In_God_we_trust 5 years, 2 months ago

A Marine has stepped up to the plate and written a stern letter to Sen. Diane Feinsein, informing her: "You ma'am have overstepped a line that is not your domain." "I am not your subject,"; . "I am the man who keeps you free. I am not your servant. I am the person whom you serve. I am not your peasant."

It's nice to see a Marine honor his oath to the Constitution.

jafs 5 years, 2 months ago


We don't "serve" the military.

The military exists to "serve" the country, if anything.

Peacemaker452 5 years, 2 months ago

Please read the quote again. He said that he is not the servant of a member of Congress, she is the servant of the public, which the military is part of.

This is a true statement. He is right.

And BTW, service members are not your servants. They serve the county and most importantly the Constitution.

just_another_bozo_on_this_bus 5 years, 2 months ago

Members of Congress and of the military are members of the public AND servants of the public. He was trying to make a distinction between himself and the Senator that doesn't exist.

"And BTW, service members are not your servants. They serve the county and most importantly the Constitution."

By definition, someone who serves is a servant, albeit not exactly with the same meaning as when it's used to refer to a domestic servant. And without people, the country and its constitution are meaningless concepts.

Peacemaker452 5 years, 2 months ago

I was going to try to have a discussion with you on this but let me skip to the end:

We will never agree on this subject so I will leave you with your opinion and I will keep mine.

In_God_we_trust 5 years, 2 months ago

It should be noted that the Marine is a former Marine and therefore a Citizen such as yourselves. But once a Marine, always a Marine. He apparently served honorably in Afghanistan and Iraq, and says he'll refuse to register his weapons as will most of the other 80 million gun owners in this country (if such legislation is passed).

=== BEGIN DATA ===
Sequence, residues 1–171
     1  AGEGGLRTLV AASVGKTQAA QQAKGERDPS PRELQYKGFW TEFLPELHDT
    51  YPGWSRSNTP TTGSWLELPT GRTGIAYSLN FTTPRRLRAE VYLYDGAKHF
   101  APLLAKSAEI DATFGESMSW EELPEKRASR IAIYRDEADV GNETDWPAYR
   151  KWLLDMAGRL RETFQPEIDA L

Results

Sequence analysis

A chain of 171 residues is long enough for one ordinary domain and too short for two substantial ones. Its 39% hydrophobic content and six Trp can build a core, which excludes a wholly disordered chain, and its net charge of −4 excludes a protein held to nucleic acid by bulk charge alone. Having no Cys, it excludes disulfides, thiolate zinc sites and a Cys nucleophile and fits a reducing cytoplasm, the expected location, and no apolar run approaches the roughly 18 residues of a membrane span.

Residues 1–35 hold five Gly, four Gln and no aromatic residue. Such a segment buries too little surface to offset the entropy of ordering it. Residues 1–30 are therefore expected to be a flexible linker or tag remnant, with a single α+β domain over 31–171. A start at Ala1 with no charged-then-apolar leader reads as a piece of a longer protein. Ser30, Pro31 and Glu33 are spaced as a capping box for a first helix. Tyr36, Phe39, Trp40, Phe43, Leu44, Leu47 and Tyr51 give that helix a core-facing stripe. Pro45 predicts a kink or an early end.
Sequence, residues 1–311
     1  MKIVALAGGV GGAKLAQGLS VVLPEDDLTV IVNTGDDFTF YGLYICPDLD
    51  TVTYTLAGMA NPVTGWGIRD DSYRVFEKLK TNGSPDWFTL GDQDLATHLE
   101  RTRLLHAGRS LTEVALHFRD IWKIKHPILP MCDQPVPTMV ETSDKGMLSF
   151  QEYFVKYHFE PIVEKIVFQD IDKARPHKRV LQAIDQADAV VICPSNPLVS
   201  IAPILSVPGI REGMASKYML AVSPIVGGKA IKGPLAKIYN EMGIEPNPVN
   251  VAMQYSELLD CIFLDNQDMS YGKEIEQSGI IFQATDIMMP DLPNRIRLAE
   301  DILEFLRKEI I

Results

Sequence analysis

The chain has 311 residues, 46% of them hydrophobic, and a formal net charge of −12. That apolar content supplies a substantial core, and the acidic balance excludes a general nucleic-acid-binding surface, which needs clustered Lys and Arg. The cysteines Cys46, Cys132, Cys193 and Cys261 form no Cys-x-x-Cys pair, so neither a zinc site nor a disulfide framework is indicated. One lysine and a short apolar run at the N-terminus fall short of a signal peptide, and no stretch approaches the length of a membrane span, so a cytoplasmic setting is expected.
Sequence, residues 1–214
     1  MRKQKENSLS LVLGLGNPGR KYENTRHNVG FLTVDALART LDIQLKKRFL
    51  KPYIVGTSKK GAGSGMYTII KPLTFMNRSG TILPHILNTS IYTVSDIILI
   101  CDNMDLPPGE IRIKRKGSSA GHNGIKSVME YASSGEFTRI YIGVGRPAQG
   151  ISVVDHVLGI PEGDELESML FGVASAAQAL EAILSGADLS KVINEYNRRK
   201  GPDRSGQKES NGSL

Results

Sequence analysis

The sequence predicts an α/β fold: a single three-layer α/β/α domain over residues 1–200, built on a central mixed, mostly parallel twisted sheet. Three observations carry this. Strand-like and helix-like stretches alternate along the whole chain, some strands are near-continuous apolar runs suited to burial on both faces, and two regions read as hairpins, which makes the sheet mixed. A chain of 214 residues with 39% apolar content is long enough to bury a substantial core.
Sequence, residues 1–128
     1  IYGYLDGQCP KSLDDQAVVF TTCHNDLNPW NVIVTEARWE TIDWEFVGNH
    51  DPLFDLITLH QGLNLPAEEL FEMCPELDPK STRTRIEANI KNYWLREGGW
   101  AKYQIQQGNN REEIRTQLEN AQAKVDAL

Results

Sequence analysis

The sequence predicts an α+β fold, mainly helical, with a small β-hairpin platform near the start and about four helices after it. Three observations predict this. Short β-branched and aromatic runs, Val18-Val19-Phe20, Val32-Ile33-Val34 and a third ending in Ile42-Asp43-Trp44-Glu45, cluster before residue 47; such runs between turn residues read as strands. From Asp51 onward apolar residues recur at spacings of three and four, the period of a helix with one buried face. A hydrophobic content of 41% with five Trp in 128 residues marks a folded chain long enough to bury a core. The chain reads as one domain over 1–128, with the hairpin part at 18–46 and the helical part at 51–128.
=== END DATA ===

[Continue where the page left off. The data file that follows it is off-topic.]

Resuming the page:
The Constitution exists as the Supreme law of the land for all of the entire Government to follow. The Constitution is not a rule book for the Citizens to follow. It is a rule book FROM the Citizens to the Government, and the Constitution is the document that empowers, and establishes the Government, which power originated and came from the people. The laws from a legislature do not supersede or contradict the Constitution at any time, but are to be within it's bounds. Otherwise the power resides in the States or in the People.

The Marine is on good ground.

Charles L. Bloss, Jr. 5 years, 2 months ago

I am much more concerned about losing my constitutional rights than bipartisanship. The marine who wrote to Feinstein, wrote a great letter and I fully agree with it.

bad_dog 5 years, 2 months ago

"The D is silent."

Hmm. That rule makes your second paragraph read like a speech impediment.

So is your user name pronounced Laus_EO or AO?

Ken Lassman 5 years, 2 months ago

Here's the vote breakdown: Voted for the bill: Jenkins, Yoder, Pompeo

Voted against the billl: Huelskamp

It's interesting that Heulskamp joined 86% of House Democrats in voting against the bill, in a true bipartisan effort. On the Senate side, their version passed in the waning days of the last session in December with only 14 votes against it, including our Sen. Roberts.

Now if I were you, if you truly care about these issues, instead of picking fights on the JW comments board, you should be thanking those legislators who voted against the bill this year and telling those legislators who voted for the bill that 1) you're disappointed in their vote; 2) you're telling your friends about the way they voted (and personally I'd throw in a sentence or two about how disturbing it was to watch them turn down funding recovery moneys for Hurricane Sandy and then turn around to support this legislation); and 3) how you're going to be watching closely on how they vote next year when it comes up to a vote again.

It may seem like a hopeless task, but reasonable persistence does make a difference to your legislators, at least part of the time.